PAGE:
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Dunwoody council approves contract renewal with ChatComm
by Christine Fonville
September 02, 2014 11:17 AM | 1084 views | 0 0 comments | 1 1 recommendations | email to a friend | print
At a Dunwoody City Council meeting last week, a renewal of an intergovernmental agreement with the Chattahoochee River 911 Authority, or ChatComm, for 911 call taking and police dispatching was once again on the table.

Dunwoody subscribes to the Sandy Springs-based service run by the cities of Johns Creek and Sandy Springs. The city of Brookhaven will become a subscriber as early as today.

Police Chief and acting City Manager Billy Grogan reiterated to the council the renewal of the five-year, fixed-term contract would include a 4.7 percent increase, bringing the total of the contract to about $1.12 million.

Councilman Jim Riticher continued to voice his disapproval of the contract, stating that ChatComm needed to be held accountable for the city’s lack of a working computer aided dispatch, or CAD-to-CAD, interface which, he said, the authority promised to the city.

“I am not for the approval of this agreement at this time because I continue to believe that we need to hold ChatComm’s feet to the fire so they will follow through with this CAD-to-CAD process,” he said. “They are a part of this entity and we need to continue to hold them accountable.”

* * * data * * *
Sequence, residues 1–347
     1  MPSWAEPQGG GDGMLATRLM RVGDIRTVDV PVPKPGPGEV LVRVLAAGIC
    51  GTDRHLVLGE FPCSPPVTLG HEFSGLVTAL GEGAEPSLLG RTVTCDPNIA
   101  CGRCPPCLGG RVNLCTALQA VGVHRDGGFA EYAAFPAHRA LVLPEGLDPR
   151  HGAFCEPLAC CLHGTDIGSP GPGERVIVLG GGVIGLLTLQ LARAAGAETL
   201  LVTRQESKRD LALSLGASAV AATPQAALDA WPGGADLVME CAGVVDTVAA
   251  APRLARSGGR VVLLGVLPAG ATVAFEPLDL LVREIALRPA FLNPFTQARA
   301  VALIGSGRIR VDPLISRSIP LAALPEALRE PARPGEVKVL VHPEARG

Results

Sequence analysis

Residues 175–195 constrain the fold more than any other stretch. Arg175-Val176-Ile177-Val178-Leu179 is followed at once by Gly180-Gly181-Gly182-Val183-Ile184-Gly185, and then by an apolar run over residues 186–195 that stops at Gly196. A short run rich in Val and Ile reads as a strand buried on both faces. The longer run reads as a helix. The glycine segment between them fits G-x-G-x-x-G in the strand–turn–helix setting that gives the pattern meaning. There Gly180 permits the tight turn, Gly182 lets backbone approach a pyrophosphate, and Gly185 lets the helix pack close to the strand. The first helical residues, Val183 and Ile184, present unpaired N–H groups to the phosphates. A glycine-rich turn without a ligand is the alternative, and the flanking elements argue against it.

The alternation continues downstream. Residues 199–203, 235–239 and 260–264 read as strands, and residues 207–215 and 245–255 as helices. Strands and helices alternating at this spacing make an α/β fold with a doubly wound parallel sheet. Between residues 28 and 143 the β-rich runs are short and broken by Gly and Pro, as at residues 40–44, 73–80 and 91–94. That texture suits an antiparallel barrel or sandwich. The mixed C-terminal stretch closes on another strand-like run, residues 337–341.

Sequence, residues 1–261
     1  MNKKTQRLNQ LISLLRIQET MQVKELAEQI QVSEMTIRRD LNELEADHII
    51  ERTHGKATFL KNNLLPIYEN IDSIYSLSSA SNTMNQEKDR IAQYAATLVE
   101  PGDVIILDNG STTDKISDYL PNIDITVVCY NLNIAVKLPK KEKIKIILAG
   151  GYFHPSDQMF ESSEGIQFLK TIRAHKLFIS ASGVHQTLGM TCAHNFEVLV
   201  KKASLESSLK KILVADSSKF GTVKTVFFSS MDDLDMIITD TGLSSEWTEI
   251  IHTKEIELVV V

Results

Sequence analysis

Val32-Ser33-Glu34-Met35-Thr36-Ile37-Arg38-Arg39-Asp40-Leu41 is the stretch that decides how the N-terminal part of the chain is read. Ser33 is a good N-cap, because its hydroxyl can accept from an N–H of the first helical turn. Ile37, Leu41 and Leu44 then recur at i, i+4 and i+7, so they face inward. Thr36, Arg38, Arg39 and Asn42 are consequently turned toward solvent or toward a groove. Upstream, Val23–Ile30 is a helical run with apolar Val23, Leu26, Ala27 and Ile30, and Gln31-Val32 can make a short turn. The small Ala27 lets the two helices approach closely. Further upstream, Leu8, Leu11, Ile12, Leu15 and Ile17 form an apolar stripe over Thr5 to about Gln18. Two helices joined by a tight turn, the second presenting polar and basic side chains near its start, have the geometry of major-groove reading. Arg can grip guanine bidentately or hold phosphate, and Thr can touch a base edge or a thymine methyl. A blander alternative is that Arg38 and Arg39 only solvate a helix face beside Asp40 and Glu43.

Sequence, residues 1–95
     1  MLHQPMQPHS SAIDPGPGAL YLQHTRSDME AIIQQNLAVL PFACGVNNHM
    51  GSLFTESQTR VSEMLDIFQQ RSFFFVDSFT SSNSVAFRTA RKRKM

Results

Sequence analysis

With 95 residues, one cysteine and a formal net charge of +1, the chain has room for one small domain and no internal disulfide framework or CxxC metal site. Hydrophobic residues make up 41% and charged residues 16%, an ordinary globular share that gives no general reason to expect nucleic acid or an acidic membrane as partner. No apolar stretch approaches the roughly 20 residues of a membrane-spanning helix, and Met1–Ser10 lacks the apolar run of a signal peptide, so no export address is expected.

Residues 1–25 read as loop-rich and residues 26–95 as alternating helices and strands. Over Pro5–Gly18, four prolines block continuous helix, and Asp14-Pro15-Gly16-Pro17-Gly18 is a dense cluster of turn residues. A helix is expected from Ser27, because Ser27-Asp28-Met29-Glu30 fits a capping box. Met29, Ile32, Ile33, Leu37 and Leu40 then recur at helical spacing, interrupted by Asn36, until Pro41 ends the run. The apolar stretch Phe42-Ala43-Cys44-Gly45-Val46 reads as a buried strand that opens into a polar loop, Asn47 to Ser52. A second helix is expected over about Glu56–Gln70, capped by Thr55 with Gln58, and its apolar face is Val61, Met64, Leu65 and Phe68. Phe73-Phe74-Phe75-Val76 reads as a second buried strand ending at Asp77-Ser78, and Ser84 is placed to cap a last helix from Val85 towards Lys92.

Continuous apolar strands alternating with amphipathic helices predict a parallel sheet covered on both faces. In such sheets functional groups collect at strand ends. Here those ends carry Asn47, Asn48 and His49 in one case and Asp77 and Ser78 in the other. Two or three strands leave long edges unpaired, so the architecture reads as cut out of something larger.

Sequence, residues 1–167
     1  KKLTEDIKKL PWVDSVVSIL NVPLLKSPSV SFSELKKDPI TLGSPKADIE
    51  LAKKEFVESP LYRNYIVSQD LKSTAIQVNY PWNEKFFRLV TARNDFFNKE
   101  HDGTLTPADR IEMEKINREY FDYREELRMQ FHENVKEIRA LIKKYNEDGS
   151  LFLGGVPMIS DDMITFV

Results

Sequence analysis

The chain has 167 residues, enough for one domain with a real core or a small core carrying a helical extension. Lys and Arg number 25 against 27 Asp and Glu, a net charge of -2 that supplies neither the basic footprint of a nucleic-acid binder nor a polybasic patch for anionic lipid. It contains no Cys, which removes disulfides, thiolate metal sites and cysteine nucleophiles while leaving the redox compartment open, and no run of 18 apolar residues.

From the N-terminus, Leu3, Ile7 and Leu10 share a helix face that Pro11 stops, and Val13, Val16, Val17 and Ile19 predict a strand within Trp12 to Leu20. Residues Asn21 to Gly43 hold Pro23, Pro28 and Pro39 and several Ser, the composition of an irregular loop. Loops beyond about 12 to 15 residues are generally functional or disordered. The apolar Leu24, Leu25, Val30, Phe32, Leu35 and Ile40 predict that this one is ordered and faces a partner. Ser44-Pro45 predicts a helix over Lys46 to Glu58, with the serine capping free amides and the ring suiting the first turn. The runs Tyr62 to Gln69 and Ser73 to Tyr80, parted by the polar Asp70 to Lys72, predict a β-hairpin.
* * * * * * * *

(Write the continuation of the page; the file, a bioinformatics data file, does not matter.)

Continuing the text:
However, other members of the council said ChatComm has followed through with contractual obligations and presented a fair price for services.

“None of us are happy with the CAD-to-CAD process but this contract runs out on April 31 and I don’t want to leave,” said Councilman Denis Shortal. “They’ve got restrictions in there about automatic renewal and things like that, but I think playing hard ball with the possible loss of 911 services, unless we have back-up, is not something I want to do.”

Shortal said he felt the 4.7 percent increase was a price that could not be beat and after the contract is renewed, the city should ensure the CAD-to-CAD process is moving forward and provide updates on the project to the public.

Councilman Terry Nall agreed with Shortal’s statements and said according to ChatComm’s current agreement, they are not responsible for providing a computer aided dispatch system to the city.

“It’s been said at prior meetings that ChatComm promised us CAD-to-CAD and they’re not living up to their promises but when I study more of this agreement, I don’t see evidence of that promise,” he said. “They do exactly what they state in their current agreement and while the system was certainly contemplated, since I’ve been on this council, no one from ChatComm has promised us CAD-to-CAD.”

Nall said under article two of the current contract, the 911 emergency call service listed is what is being provided at this time.

“We don’t want to be on contract on borrowed time,” he said. “We always have the ability to give six months’ notice to end the contract at any time and we need to make sure we at least would be able to have valid agreement with a fixed-price for the next five years.”

The agreement was approved with Riticher and Councilwoman Lynn Deutsch voting against the contract.

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